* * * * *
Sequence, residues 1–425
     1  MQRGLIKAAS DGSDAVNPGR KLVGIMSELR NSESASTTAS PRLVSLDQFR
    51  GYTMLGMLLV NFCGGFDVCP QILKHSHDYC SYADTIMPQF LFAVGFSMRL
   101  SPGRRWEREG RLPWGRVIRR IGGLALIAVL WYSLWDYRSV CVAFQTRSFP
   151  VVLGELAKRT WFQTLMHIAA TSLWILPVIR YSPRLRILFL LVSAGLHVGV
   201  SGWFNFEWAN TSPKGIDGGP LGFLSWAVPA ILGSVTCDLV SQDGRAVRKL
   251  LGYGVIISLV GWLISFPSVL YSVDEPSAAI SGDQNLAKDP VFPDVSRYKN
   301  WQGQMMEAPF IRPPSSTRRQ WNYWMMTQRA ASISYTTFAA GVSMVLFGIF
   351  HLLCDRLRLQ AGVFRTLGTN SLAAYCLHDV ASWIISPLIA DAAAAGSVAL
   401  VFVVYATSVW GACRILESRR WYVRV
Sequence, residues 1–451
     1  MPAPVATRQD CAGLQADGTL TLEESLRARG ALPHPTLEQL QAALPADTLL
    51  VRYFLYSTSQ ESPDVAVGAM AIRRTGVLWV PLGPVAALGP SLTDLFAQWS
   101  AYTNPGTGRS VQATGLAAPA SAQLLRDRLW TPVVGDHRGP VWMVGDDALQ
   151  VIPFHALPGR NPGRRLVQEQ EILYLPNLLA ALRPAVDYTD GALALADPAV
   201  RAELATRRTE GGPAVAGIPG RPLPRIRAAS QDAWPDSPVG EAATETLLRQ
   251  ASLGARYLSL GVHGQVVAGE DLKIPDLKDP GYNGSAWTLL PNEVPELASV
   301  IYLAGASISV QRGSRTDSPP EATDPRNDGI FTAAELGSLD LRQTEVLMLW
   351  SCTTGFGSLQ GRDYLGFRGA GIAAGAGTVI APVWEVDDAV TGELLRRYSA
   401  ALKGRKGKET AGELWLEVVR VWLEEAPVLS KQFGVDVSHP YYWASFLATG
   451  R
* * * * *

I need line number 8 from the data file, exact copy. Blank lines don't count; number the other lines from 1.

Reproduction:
   301  WQGQMMEAPF IRPPSSTRRQ WNYWMMTQRA ASISYTTFAA GVSMVLFGIF